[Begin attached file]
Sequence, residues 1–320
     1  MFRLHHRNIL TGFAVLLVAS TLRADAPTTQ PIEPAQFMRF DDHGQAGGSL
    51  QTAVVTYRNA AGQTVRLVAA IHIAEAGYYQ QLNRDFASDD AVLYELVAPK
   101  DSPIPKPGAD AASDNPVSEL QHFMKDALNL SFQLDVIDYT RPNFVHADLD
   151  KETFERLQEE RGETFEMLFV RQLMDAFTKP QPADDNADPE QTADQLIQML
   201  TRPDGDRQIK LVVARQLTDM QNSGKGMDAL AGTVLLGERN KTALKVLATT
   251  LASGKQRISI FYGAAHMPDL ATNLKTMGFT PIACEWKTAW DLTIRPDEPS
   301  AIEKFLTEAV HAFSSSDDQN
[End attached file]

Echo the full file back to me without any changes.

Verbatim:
Sequence, residues 1–320
     1  MFRLHHRNIL TGFAVLLVAS TLRADAPTTQ PIEPAQFMRF DDHGQAGGSL
    51  QTAVVTYRNA AGQTVRLVAA IHIAEAGYYQ QLNRDFASDD AVLYELVAPK
   101  DSPIPKPGAD AASDNPVSEL QHFMKDALNL SFQLDVIDYT RPNFVHADLD
   151  KETFERLQEE RGETFEMLFV RQLMDAFTKP QPADDNADPE QTADQLIQML
   201  TRPDGDRQIK LVVARQLTDM QNSGKGMDAL AGTVLLGERN KTALKVLATT
   251  LASGKQRISI FYGAAHMPDL ATNLKTMGFT PIACEWKTAW DLTIRPDEPS
   301  AIEKFLTEAV HAFSSSDDQN